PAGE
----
I’m slightly annoyed by this and by the reminder I kindly get in my inbox every time I use the dreaded d-word. The etymology of the word ‘drone’ has nothing to do with spying, firing missiles into hospitals, or illegally killing American civilians. People like to argue, though, and I need something to point to when someone complains about my misuse of the word ‘drone’. Instead of an article on Hollywood starlets, the first remote control systems, and model aviation, you get an article on the etymology of a word. You have no one else to blame but yourself, Internet.
An Introduction, and Why This Article Exists
This article is purely about the etymology of the word ‘drone’. Without exception, every article and blog post I read while researching this topic failed to consider whether an unmanned or remotely piloted aircraft was called a ‘drone’ before its maiden flight, or while it was being developed. For example, numerous articles refer to the Hewitt-Sperry Automatic Airplane as the first ‘drone’. For the purposes of this article, this is patently untrue. The word ‘drone’ was first applied to unmanned aircraft in late 1934 or early 1935, and a World War I-era experiment could never be considered a drone by contemporaneous sources. Consider this article a compendium of the evolution of the word ‘drone’ over time.
Why this article belongs on Hackaday should require no explanation. This is one of the Internet’s largest communities of grammar enthusiasts, peculiarly coming from a subculture where linguistic play (and exceptionally dry sarcasm) is encouraged. Truthfully, I am so very tired of hearing people complain about the use of the word ‘drone’ when referring to quadcopters and other remote-controlled toys. To me, this article simply exists as something I can point to when telling off offended quadrotor pilots. I am considering writing a bot to do this automatically. Perhaps I will call this bot a ‘drone’.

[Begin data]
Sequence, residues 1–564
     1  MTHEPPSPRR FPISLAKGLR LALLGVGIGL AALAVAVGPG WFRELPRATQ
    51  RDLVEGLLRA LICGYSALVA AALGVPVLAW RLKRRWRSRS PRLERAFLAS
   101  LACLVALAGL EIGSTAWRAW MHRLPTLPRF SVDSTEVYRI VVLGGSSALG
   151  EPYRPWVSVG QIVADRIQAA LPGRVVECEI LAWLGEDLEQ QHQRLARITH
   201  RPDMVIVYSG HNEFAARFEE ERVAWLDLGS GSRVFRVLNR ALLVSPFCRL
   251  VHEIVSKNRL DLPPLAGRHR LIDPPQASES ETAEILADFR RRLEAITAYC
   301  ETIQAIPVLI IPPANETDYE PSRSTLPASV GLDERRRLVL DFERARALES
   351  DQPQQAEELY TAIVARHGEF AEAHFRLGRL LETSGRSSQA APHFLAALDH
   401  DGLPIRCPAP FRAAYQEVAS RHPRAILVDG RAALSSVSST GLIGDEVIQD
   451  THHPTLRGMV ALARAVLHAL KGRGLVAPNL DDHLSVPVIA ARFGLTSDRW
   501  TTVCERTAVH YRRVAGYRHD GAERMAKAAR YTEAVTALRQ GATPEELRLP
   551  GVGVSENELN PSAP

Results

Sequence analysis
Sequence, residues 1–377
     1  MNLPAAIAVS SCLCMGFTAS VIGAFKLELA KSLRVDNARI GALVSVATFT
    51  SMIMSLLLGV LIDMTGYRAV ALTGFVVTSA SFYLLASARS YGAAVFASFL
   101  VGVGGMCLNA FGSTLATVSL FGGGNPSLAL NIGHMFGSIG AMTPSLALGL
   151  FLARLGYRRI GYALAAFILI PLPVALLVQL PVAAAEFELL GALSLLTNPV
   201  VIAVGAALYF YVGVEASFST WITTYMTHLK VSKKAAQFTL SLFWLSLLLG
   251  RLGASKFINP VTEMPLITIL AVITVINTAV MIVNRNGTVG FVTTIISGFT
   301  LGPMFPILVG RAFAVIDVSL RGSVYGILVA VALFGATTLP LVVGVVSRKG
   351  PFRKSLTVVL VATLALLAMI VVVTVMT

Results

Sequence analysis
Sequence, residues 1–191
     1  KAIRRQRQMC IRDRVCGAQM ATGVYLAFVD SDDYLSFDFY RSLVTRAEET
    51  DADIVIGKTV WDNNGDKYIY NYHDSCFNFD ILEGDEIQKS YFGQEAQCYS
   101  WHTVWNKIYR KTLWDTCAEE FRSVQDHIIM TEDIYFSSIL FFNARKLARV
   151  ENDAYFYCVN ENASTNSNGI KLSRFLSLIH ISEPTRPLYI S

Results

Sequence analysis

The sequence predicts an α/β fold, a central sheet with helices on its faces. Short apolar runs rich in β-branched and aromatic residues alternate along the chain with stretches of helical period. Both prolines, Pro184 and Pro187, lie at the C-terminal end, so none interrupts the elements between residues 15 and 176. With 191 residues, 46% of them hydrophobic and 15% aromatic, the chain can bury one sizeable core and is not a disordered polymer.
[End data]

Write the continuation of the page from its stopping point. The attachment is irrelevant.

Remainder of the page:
The Source of ‘Drone’ c. 1935
Before the word was used to describe aircraft, ‘drone’ had two meanings. First as a continuous low humming sound, and second as a male bee. The male bee does no work, gathers no honey, and only exists for the purpose of impregnating the queen. It’s not hard to see why ‘drone’ is the perfect word to describe a quadcopter — a Phantom is mindless, and sounds like a sack full of bees. Where then did the third definition of ‘drone’ come from, a flying machine without a pilot on board?